The lesson of the Elwha applies directly to our situation in Bend. Here, commercial interests have muddied the waters. Pacific Power seems to hold public interests hostage because they own the dam and can decide what to do with it. Good citizens... Focus on fish passage! The Fish Passage Committee was created by the City and Bend Parks to consider options. But any option will cost money and all of those costs center on the dam. It is my bet, that in the end, when all is said and done, no one will be willing to pay those millions. The Fish Passage Committee is not another bread crumb... it is the sword to cut the Gordian Knot.
— Dr. Jerry Freilich is an aquatic ecologist recently retired from a 25-year career as a scientist in six national parks.
Decriminalization of Sex WorkMy name is Katherine.
I'm writing in partnership with the Oregon Sex, Workers Human Rights Commission (oregonsexworkers.com) and in preparation for the July 15 event re: Decriminalization of Sex Work.
I'm a Portland, Oregon sex worker. More specifically, I'm a dominatrix.
And I love my job.
I started working as a dominatrix in 2012, after years of practice in the craft of BDSM, and after exploring what I consider to be true bodily autonomy and true sexual freedom. It turned out that expelling internalized hetero-normativity wasn't only healing and enlightening for me, it was also very sexy.
Unfortunately, because of criminalization, sex workers experience an increased risk of violence from clients, law enforcement, abusive partners and fanatics. We need to decriminalize.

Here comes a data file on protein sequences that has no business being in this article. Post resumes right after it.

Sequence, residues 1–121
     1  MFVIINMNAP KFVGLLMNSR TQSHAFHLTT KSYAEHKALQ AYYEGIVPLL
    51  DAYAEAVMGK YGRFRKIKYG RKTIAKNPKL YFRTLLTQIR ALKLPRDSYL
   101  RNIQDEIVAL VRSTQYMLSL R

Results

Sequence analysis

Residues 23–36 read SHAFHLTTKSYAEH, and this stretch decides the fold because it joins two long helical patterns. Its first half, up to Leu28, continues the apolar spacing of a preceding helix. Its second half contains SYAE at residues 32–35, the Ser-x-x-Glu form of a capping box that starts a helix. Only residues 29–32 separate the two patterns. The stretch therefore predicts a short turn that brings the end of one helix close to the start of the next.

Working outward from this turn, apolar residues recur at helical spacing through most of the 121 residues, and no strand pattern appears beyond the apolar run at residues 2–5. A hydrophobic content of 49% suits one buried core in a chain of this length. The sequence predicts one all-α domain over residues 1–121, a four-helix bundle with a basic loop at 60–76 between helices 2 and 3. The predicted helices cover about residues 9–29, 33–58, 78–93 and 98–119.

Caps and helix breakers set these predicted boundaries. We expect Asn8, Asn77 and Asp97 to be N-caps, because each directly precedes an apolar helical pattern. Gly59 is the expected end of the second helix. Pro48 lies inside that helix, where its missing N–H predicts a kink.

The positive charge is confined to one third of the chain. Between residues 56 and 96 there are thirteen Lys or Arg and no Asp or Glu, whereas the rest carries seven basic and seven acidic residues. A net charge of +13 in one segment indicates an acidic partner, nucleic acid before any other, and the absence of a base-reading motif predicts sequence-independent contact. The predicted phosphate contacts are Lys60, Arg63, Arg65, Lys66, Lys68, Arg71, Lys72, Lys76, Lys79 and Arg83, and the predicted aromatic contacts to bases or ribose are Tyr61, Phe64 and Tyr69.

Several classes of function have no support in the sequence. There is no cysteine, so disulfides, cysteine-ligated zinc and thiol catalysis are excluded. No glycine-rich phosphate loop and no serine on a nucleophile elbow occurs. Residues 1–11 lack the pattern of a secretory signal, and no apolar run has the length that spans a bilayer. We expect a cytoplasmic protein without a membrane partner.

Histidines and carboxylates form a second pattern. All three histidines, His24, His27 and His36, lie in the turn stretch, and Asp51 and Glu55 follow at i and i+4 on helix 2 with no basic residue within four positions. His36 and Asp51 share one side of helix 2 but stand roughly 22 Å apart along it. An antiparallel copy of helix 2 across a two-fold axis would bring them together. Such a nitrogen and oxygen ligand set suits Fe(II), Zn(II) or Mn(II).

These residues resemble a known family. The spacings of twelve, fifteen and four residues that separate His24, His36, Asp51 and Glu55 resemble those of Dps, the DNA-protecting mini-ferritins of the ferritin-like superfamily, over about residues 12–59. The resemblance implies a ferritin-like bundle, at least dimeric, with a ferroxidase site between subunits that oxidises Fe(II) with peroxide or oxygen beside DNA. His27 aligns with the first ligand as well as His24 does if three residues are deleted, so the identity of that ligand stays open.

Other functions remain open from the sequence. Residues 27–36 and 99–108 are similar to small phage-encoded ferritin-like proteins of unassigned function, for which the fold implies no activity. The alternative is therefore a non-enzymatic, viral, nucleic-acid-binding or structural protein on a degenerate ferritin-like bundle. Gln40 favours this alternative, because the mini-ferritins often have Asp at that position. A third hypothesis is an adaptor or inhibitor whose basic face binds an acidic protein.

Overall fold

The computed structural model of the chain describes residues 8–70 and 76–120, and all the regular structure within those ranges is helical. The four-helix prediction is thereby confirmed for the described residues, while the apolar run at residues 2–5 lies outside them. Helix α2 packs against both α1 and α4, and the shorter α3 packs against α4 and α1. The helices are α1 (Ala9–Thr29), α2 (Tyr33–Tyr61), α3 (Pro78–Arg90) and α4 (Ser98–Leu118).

Sex work paid for my undergraduate work in psychology. It paid for my house, and for me to return my property back to natural habitat. It pays for me to volunteer in mental health activism and education. Most importantly, it pays for me to be with my 4-year-old daughter. My attachment to her is the most important thing in this world.
We cannot afford to pander to ignorance and fear. For the health of individuals and our community, sex work needs to respected and appreciated. A first step is decriminalization.
I ask you to support us in our efforts to decriminalize sex work, and I ask our lawmakers to do the same.
—Katherine (last name omitted at the discretion of the editor)
Unhoused PeopleEvery city should set up an urban campground for people living in tents or RVs, a place with bathrooms and garbage service. A longer-term solution is to construct legal trailer parks for those who own an RV or could afford to buy one, where people could create a real home.
But most city officials and many homeowners look down their noses at people who live in trailers. Maybe that's why there is an acute shortage of trailer spaces to rent in Redmond, where I live.
If you own property and want to let a friend or family member park an RV on your land and live in it, then you are violating the city code. This activity is classified as a nuisance, along with having trash or abandoned vehicles on your property. If we truly want to house people, then we need to change these laws.
Letter of the Week:Denise: Code changes can and do make a difference for those needing housing in our region. Thanks for bringing this to the attention of our readers. Come on by for your gift card to Palate!